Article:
Why Modeling Averages Is not Good Enough: A Critique of the Law of Double Jeopardy

Martin Bongers and Jan Hofmeyr



According to the law of double jeopardy (DJ) in markets, big brands benefit doubly: They have more users, and their users use them more. More formally: “In all markets, all conventionally used brand performance measures (BPMs) can be predicted from market share using the Dirichlet distribution (once calibrated)” (Chatfield and Goodhardt, 1975).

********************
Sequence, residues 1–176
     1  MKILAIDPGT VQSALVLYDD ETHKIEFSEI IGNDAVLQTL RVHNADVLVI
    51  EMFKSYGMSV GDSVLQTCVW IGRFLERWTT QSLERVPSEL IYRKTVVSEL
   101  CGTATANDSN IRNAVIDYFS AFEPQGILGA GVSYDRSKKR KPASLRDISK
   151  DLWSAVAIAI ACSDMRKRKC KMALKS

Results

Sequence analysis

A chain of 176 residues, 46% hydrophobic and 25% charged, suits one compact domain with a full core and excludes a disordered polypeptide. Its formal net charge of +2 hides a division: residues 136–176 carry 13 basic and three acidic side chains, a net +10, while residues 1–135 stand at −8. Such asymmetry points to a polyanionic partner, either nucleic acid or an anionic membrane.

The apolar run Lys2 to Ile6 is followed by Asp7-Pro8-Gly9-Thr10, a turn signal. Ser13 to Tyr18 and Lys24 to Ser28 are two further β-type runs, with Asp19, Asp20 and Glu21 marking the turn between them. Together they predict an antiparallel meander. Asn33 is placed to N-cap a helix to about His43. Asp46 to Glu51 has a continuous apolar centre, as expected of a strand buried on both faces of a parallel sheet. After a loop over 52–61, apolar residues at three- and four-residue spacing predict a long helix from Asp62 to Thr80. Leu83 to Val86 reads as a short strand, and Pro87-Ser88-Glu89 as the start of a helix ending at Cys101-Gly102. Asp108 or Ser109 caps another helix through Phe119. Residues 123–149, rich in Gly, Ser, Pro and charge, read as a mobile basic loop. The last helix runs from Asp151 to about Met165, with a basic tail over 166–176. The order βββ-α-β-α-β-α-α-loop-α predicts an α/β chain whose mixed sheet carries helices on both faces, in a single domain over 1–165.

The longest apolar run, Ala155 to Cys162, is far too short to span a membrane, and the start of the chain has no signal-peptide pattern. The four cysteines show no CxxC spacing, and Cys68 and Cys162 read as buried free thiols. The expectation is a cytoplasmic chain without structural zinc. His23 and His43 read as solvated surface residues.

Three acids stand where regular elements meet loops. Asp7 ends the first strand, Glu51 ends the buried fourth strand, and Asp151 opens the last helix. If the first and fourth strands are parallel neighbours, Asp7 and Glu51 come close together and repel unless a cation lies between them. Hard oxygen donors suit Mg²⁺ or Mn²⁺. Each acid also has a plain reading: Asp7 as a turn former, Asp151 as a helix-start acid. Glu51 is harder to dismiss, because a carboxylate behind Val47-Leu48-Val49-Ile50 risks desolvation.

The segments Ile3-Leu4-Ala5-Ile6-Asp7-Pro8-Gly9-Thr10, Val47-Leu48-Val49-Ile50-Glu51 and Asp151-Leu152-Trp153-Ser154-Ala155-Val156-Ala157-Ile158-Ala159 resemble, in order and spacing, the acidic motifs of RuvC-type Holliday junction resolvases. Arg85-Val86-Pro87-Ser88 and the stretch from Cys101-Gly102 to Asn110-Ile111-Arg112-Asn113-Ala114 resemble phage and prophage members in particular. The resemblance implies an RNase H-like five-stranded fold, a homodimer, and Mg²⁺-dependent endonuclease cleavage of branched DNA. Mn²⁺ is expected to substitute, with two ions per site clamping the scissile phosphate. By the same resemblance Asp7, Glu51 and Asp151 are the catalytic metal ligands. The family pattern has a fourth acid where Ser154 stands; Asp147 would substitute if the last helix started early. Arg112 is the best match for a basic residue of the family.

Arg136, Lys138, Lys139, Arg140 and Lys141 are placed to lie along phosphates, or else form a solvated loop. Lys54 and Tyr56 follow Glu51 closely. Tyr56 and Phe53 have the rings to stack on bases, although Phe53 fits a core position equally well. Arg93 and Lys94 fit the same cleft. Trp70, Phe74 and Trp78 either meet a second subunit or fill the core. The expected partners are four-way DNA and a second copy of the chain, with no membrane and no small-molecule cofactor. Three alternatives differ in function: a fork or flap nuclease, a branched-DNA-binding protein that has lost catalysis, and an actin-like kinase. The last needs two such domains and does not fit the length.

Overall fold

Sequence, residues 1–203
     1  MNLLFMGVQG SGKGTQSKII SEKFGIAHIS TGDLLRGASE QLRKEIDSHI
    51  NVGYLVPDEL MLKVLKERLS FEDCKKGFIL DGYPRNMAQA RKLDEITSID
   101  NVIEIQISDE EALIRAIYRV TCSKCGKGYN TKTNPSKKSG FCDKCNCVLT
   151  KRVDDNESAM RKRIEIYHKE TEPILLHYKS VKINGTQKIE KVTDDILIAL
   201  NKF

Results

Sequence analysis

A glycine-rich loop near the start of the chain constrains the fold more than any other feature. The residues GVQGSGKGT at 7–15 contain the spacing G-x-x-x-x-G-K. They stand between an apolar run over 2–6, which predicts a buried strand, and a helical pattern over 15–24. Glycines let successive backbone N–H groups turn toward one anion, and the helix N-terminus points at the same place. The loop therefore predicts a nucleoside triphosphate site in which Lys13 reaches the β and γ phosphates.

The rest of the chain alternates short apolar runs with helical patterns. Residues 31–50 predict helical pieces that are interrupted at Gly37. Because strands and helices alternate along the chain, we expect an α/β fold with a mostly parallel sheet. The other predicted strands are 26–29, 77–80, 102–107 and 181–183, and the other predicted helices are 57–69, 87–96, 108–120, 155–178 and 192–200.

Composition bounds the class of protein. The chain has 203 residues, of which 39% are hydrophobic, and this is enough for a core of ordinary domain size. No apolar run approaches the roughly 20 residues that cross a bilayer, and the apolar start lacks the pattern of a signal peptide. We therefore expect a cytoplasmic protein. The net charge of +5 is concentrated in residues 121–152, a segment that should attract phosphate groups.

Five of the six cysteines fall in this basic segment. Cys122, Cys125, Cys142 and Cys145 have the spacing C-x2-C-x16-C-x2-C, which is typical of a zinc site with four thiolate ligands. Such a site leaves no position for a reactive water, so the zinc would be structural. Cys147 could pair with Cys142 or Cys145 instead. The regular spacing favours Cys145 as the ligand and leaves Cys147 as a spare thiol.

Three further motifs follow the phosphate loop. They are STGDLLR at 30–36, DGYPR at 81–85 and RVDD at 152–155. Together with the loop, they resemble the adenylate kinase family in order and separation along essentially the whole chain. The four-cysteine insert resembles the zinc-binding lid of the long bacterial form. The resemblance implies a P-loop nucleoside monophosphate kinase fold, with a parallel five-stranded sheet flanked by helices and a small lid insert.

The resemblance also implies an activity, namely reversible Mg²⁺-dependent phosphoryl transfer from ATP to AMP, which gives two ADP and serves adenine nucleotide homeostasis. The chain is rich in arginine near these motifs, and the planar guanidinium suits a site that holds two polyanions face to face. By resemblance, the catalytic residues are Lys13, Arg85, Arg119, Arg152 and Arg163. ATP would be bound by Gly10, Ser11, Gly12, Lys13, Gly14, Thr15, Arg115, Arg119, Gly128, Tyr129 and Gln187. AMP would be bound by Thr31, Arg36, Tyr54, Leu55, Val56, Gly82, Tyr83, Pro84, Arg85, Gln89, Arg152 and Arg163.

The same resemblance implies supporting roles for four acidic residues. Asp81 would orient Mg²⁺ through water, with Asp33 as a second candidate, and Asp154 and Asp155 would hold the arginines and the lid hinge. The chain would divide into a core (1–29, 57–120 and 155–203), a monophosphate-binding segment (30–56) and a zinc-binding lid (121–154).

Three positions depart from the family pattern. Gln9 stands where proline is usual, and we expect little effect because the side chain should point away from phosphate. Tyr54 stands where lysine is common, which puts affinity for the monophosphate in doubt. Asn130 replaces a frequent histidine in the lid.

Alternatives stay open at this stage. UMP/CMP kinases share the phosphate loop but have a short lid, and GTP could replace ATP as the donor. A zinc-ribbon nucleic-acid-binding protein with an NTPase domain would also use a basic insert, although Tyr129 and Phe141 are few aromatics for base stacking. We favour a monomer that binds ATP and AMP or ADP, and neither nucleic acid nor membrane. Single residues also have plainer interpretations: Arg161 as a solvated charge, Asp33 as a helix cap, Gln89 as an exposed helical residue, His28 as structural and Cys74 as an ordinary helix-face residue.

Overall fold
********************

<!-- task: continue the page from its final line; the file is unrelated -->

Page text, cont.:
The law challenges many marketing-research approaches. Consider brand equity. Most attitudinal systems are based on some sort of commitment or engagement ”ladder” (Keller and Lehman, 2004). These are used to identify strong and weak brands—typically by quantifying the percentage of people found at various “levels.” Ehrenberg and others have argued repeatedly, however, that all can be accounted for by brand size alone. To quote “… there are clearly big brands and smaller brands, (but) there is no evidence… that over and above this there are ‘strong’ and ‘weak’ ones” (Ehrenberg and Goodhardt, 2004).